Managing configuration, compliance, and security with one platform 

It is said that the average enterprise uses 20 different tools in its DevOps pipeline, creating a very messy and long toolchain. Organizations can either adopt point solutions such as these for each phase of their operations or adopt a consolidated solution like Progress Chef for configuration, compliance and security management.  

Progress Chef Infrastructure Management uses Infrastructure as a Code to manage all configurations across the IT fleet. While this automation technique keeps configuration drifts at bay, Progress Chef Compliance Management extends the same technique to use Policy as Code to provide automated compliance checks across the entire IT ecosystem.  

Chef Compliance enables IT teams to perform system hardening through continuous audits and remediation leveraging ready-to-use, certified and curated audit and remediation content to detect and fix security drifts in diverse IT fleets. 

It follows a comprehensive linear process of Acquire, Define, Monitor, Remediate and Reporting.

Chef Compliance

Chef Compliance helps across all stages of the compliance workflow: 

Acquire trusted content aligned to industry benchmarks for audit and remediation.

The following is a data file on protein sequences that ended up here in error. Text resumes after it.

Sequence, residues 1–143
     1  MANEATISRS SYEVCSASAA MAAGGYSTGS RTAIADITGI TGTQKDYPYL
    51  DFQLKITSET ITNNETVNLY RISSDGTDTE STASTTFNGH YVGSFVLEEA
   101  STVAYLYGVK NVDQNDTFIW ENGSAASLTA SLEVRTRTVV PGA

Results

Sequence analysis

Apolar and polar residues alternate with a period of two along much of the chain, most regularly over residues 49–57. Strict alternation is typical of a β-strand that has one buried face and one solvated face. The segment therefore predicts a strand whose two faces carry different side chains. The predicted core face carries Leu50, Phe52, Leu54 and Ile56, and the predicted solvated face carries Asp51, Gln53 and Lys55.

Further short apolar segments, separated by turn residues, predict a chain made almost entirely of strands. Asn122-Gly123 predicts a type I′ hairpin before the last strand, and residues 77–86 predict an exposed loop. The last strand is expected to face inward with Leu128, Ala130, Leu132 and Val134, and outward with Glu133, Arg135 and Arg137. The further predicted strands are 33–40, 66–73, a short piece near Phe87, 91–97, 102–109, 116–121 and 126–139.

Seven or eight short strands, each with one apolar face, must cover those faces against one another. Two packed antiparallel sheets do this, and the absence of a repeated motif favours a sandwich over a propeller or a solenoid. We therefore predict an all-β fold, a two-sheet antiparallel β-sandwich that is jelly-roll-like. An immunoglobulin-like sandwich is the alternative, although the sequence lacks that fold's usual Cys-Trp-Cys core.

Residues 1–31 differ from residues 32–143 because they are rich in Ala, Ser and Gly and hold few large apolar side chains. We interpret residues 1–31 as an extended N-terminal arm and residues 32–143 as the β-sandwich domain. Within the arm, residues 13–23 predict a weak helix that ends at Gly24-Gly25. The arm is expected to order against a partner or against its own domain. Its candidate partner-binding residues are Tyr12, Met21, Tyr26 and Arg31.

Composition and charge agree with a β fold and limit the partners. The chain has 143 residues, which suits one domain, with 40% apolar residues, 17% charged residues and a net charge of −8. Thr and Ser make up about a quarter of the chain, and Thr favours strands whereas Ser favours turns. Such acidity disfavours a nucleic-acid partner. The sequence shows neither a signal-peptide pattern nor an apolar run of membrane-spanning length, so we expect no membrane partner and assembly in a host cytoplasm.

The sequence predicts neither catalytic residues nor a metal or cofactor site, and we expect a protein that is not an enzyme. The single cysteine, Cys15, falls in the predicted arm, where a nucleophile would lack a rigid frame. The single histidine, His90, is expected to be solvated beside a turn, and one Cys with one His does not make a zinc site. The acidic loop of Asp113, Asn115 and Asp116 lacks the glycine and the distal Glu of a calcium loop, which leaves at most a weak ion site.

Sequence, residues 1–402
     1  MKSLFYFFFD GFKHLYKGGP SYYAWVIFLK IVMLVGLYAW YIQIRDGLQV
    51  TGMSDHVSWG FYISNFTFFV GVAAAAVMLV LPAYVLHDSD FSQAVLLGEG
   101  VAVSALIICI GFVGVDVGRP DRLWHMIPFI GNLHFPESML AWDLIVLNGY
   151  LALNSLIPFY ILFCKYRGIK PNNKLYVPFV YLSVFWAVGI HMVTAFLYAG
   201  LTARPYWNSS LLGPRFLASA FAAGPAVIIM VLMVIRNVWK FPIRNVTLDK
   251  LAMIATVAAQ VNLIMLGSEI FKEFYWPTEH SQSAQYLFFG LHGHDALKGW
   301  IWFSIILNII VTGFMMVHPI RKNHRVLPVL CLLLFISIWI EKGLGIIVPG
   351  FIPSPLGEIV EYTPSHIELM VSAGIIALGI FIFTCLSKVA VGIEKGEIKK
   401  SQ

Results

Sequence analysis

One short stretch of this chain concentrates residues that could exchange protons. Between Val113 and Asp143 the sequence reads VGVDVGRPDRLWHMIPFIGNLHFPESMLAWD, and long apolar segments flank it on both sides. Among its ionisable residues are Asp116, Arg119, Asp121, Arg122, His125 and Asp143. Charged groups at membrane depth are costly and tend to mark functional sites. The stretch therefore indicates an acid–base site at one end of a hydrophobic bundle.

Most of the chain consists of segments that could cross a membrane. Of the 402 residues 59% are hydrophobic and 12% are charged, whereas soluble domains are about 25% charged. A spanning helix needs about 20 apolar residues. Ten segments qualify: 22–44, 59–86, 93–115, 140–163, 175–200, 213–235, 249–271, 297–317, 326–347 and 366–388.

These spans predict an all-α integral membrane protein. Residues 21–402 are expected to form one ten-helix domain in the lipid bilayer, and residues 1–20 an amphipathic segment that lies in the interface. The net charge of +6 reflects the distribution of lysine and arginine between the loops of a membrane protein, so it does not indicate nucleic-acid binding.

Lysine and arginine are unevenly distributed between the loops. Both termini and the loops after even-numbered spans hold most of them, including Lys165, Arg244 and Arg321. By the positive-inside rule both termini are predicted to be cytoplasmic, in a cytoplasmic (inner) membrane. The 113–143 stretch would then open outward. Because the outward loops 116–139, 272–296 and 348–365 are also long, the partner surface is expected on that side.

Define compliance baselines and tune them to the organization’s unique needs.  

Monitor continuously and evaluate compliance posture by detecting deviations from the intended state at any point in the software delivery lifecycle. 

Remediate non-compliance with new remediation capabilities that address individual controls in alignment with audit tests. 

Report and create a single pane of glass report for visibility across heterogeneous environments. 

Close the loop and achieve continuous compliance with remediation 

Continuous compliance should cater to the entire process of CI/CD, which means that configurations and compliance checks should happen in every stage of product development. Thus, enabling security to be shifted left in the DevOps lifecycle.